Cholesterol Levels May Not Measure Cardiac Risk

After writing about the inaccuracies of using cholesterol as the primary marker for heart disease in “Saturated Fat and Animal Fat—Further Vindication”, I came across this article from HealthDay discussing a recent study of cholesterol levels and heart disease.  This is further support for why simply lowering cholesterol numbers is not the answer to heart disease.  In the study, “Lipid levels in patients hospitalized with coronary artery disease: An analysis of 136,905 hospitalizations in Get With The Guidelines,” from American Heart Journal, researchers found that almost 75% of patients hospitalized for heart attacks had cholesterol levels that fell within normal healthy guidelines.  While Fonarow, the lead researcher on the study, states in an interview, “Cholesterol is only one part of the heart risk picture,” in the study he concludes “These findings may provide further support for recent guideline revisions with even lower LDL goals.”

I continue to contest that cholesterol should not be the only and may not be the best indicator of heart disease risk, and that lowering the guidelines may not be the answer.  (Also, please notice the financial disclosures at the bottom of the study and the numerous pharmaceutical companies that contributed.)

Here’s the article from HealthDay on the study:

Cholesterol Levels May Not Measure Cardiac Risk
Normal readings showed up in many who had heart attacks, study shows

Posted January 16, 2009

By Ed Edelson
HealthDay Reporter

FRIDAY, Jan. 16 (HealthDay News) — Nearly three-quarters of patients hospitalized for heart attacks had cholesterol levels indicating they were not at high risk for cardiovascular trouble, a new, nationwide study shows.

The finding points to the possibility that current guidelines on cholesterol levels should be changed, said study author Dr. Gregg C. Fonarow, a professor of cardiovascular medicine and science at the University of California, Los Angeles. His report appears in the current issue of theAmerican Heart Journal.

“The LDL cholesterol range at which people have heart attacks shouldn’t be regarded as normal,” Fonarow said.

LDL cholesterol, the “bad” kind, collects to form plaques that can eventually block arteries. Guidelines compiled by the U.S. National Heart, Lung and Blood Institute set an LDL cholesterol blood level target of 130 milligrams per deciliter for people with no cardiovascular disease or diabetes and 70 for those at high risk because of factors such as obesity, smoking and high blood pressure.

But the study of nearly 137,000 Americans hospitalized for heart attacks between 2000 and 2006 found that about 72 percent had LDL levels below 130 on admission, while 17.6 percent had LDL levels below 70.

“People with LDL cholesterol levels in the 100 to 130 range may feel they are at low risk,” Fonarow said. “In this study, there was nothing normal about having an LDL reading of 100.”

The study also looked at levels of HDL cholesterol, the “good” kind that helps prevent artery blockage. Current guidelines recommend an HDL level of 60 or higher, but the study found levels below 40 in 54.6 percent of the heart attack patients.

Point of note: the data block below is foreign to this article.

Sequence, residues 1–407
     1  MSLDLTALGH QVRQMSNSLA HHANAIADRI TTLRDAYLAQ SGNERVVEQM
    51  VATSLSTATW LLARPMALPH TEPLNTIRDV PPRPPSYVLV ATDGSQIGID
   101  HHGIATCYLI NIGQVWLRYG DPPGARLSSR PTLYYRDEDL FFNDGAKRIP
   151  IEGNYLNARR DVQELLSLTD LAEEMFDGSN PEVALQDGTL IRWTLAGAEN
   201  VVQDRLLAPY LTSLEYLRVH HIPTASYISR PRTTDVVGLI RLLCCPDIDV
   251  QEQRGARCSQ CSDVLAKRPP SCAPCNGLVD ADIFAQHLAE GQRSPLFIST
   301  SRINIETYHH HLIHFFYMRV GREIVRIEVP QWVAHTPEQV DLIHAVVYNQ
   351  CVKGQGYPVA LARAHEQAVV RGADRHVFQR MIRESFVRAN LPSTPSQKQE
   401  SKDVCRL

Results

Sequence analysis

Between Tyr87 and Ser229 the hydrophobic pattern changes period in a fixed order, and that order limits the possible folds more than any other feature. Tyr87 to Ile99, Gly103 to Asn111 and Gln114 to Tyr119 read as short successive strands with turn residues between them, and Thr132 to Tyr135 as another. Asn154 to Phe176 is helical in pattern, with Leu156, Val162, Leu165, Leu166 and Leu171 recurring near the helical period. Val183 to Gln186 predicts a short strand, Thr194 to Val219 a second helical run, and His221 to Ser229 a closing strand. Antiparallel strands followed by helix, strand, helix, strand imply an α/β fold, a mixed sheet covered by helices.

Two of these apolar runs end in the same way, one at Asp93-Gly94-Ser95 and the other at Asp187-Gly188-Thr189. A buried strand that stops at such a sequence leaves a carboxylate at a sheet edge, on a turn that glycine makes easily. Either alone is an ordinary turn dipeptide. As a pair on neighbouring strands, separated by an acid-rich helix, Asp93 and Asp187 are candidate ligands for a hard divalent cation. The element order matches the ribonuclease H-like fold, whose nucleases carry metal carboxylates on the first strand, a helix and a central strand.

Only 1.4 percent of patients met the recommendation for both an LDL level of 70 or lower and an HDL reading of 60 or higher, Fonarow noted.

The current National Cholesterol Education Program guidelines were first set in 2001, and were updated in 2004. The NHLBI is expected to review those guidelines in the near future, Fonarow said.

“My opinion, based on the totality of the evidence that has come out, is that it is likely that there will be important revisions to the guidelines, but that should be determined by the individual advisory groups that will be writing them,” he said.

In its update of the guidelines, the NHLBI called for more use of measures such as physical activity and weight loss to reduce the risk of heart attack and other cardiovascular problems.

Cholesterol is only one part of the heart risk picture, Fonarow said. Risk climbs higher with age, especially for men and for those with close relatives who have had cardiovascular conditions.

“The good news is that as much as 80 percent of the risk factors are under individual control and are modifiable,” Fonarow said. “You can’t control your family history, age or sex, but you can keep your blood pressure low, exercise and modify your lifestyle in other ways to reduce risk.”

While calling the study “excellent,” Dr. Manesh Patel, an assistant professor of medicine at Duke University, added, “The problem is that this is a snapshot, but we’re not sure we know all the risk factors and how they interplay.”

The researchers did not measure blood levels of other molecules involved in cardiovascular disease, such as the inflammation biomarker C-reactive protein and lipoprotein(a), he said.

But it’s quite possible that the cholesterol guidelines will be changed, Patel said. “Ongoing studies have led to getting the LDL level to 100 and then to 70,” he said. “As more randomized trials come out, there may be further changes.”

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